FBR claims loss of Rs330b due to import compression

Misses first-half tax collection target due to low economic activity

Shahbaz Rana January 05, 2020
The FBR said it redoubled efforts on the domestic front and managed to shift its dependence on import taxes from 56% to a little above 40% this year. PHOTO: FILE

ISLAMABAD: Amid criticism over missing the revenue collection target by a wide margin, the Federal Board of Revenue (FBR) has claimed that it sustained losses of roughly Rs330 billion due to $6 billion worth of import compression in first half of the current fiscal year.

The tax shortfall due to import compression and low economic activity has also led to the missing of the indicative first-half tax collection target of Rs2.198 trillion, agreed with the International Monetary Fund (IMF). It is for the second time in a row that the FBR has missed the first-half indicative tax collection target, this time by a margin of Rs115 billion.

But the government has again managed to achieve the primary budget target for the first half that has again remained in surplus due to one-off non-tax payments and slow development spending.

“An estimated loss of Rs56 billion worth of taxes is incurred on every billion dollars of import compression,” stated the FBR in an official statement. The compression of over $5 billion (in five months) has, on the one hand, improved the current account situation but, on the other hand, has adversely affected the usual revenue resources of the government, it added.

During July-November of the current fiscal year, the current account deficit shrank 73% to $1.82 billion - an improvement of $4.9 billion. This caused roughly Rs280-billion shortfall in revenues, as per the FBR’s claim. The current account deficit is expected to improve to nearly $6 billion in six months, which will erode Rs336 billion worth of potential revenue for the FBR.

For the July-December period, the twice downward-revised target of the FBR was Rs2.367 trillion but provisional collection in the first half stood at Rs2.083 trillion, falling short of the target by a whopping Rs284 billion.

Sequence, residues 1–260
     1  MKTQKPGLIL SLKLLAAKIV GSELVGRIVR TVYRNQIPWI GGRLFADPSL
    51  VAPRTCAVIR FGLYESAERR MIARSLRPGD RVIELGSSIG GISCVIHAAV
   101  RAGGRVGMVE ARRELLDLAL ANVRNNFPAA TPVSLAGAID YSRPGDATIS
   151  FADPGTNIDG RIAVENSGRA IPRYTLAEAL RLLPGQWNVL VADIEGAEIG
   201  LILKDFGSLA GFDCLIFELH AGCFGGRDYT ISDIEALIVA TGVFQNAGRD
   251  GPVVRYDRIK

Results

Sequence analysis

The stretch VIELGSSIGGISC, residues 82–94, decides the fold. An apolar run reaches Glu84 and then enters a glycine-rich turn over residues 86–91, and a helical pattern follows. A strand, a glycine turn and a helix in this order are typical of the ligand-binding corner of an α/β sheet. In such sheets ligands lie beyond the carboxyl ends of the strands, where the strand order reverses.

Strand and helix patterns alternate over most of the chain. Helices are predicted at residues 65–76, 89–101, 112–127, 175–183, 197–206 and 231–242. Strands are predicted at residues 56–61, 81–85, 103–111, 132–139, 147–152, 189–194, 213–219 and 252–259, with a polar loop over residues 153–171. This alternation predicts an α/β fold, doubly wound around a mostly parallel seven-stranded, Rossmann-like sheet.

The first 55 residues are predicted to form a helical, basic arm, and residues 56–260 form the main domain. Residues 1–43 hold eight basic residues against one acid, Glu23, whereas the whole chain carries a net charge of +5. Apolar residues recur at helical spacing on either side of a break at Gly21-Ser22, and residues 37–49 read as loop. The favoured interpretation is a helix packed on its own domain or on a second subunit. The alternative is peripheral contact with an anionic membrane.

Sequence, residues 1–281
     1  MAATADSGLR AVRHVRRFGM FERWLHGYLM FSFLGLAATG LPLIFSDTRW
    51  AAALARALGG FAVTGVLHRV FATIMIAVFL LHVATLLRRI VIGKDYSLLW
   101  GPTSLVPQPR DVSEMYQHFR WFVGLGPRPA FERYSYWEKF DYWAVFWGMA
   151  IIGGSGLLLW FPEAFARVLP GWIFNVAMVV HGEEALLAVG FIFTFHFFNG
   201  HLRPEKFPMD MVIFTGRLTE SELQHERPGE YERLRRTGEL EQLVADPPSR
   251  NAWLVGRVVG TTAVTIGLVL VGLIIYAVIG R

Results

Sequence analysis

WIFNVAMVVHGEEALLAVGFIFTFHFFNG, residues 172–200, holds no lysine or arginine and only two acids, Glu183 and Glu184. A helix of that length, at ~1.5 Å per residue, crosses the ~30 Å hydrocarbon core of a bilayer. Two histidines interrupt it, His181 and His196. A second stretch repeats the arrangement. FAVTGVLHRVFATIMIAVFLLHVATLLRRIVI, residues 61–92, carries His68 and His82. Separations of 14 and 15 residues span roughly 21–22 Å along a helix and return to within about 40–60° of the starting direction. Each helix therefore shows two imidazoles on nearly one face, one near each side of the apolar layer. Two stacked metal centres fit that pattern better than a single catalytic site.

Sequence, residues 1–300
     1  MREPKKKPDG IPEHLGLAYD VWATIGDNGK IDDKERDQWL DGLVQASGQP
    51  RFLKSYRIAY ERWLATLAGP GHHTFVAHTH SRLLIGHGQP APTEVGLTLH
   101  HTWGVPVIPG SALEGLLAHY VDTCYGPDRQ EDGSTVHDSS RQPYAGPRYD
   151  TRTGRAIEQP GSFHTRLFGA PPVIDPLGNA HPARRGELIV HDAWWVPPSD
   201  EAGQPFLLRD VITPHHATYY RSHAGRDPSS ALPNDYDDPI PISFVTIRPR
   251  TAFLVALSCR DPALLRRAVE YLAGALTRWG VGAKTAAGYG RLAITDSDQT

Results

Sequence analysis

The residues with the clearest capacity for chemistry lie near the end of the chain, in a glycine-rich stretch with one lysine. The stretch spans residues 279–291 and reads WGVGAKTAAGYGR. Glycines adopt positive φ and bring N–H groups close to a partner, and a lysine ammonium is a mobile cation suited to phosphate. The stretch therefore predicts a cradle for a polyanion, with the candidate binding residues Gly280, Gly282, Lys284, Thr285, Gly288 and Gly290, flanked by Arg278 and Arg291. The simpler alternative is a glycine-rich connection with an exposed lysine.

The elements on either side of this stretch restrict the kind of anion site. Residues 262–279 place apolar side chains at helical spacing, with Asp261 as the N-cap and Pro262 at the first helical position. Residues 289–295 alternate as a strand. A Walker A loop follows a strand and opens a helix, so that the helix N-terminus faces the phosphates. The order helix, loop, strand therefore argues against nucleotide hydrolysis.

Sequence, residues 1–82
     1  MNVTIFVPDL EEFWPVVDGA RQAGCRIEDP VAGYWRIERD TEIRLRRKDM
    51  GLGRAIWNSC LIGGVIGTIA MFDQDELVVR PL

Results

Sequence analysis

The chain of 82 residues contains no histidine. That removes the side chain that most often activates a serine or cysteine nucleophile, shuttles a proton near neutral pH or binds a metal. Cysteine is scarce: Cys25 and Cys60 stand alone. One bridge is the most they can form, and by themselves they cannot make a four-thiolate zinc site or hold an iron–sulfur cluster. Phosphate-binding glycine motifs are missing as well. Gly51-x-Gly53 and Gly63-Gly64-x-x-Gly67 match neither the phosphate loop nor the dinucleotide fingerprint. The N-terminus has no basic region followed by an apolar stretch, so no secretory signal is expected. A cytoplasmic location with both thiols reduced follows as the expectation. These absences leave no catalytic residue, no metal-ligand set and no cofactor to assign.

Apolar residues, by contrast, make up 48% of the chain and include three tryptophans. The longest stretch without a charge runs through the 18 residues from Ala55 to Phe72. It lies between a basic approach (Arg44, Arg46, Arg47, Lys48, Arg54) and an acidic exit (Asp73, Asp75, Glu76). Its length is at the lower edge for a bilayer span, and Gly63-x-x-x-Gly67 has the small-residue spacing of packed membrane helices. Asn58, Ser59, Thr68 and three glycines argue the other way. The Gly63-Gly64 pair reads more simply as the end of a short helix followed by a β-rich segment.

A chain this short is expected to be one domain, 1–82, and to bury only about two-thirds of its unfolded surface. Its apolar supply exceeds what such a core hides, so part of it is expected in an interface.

Owing to lower-than-agreed tax collection, Pakistan has also missed the indicative tax collection target of Rs2.198 trillion, given by the IMF. Nonetheless, the FBR has achieved another IMF target of releasing Rs53 billion in tax refunds. The IMF will vet these refund numbers during the next review talks.

A senior FBR official said on Saturday that even the IMF did not visualise implications of the import compression for tax revenues during programme talks held in May last year. He said the IMF had instead hoped that exchange rate depreciation and inflation would help the tax machinery to increase collection, as over half of the total revenues were collected at the import stage.

The FBR said on Saturday that tax collection in the first six months was still 16.3% higher than last year. It is the highest growth rate since 2015-16 and the FBR has made great efforts to achieve this growth despite rather subdued economic activity, according to the official statement.

The FBR said the original tax collection target of Rs2.367 trillion had now been revised to Rs2.197 trillion in view of import compression in the first quarter. However, the revised first-half target is only 41.2%, which is far lower than the historical average of around 44-45%.

The FBR believes that it can perform better in the second half of the year due to low to negative growth in the third and fourth quarters of the last fiscal year.

Yet, it is not confident to achieve the revised full-year target of Rs5.238 trillion without additional revenue measures. The FBR is working on a mini-budget that will be announced around the time Pakistan and the IMF would enter into talks for the second review of the $6-billion bailout package, tentatively scheduled for next month.

The FBR said it redoubled efforts on the domestic side and managed to shift its dependence on import taxes from 56% to a little above 40% this year. With expected uptick in economic activity in the last six months of FY20 and likely stabilisation of imports, it is expected that the FBR is going to collect an unprecedented amount of taxes this year without disrupting and distorting economic activity, claimed the FBR.

There is also criticism against the FBR for inflating revenues by blocking tax refunds of exporters. This issue was raised with Prime Minister Imran Khan by representatives of the All Pakistan Textile Mills Association this week.

But the FBR has rejected the criticism and said the total tax collection from the five export-oriented sectors stood at only Rs71 billion in the first half of current fiscal year.

The FBR officials said after analysing the tax returns data, it came to know that the exporters claimed only Rs39 billion worth of refunds.

As compared to these refund claims in tax returns, the exporters have claimed Rs19 billion in the Annexure-H and the FBR has already paid them Rs16 billion, according to senior officials.

They said the allegation that the FBR blocked over Rs100 billion worth of refunds did not have a base.

“We expect that gross receipts from the five export-oriented sectors will be around Rs190 billion this fiscal year and out of which the total refund claims for the full year will be around Rs103 billion,” according to the FBR.

In the budget 2019-20, the FBR had withdrawn the zero-rating facility from textile, carpet, surgical, sports and leather sectors and started charging 17% sales tax on their domestic sales.

Published in The Express Tribune, January 5th, 2020.

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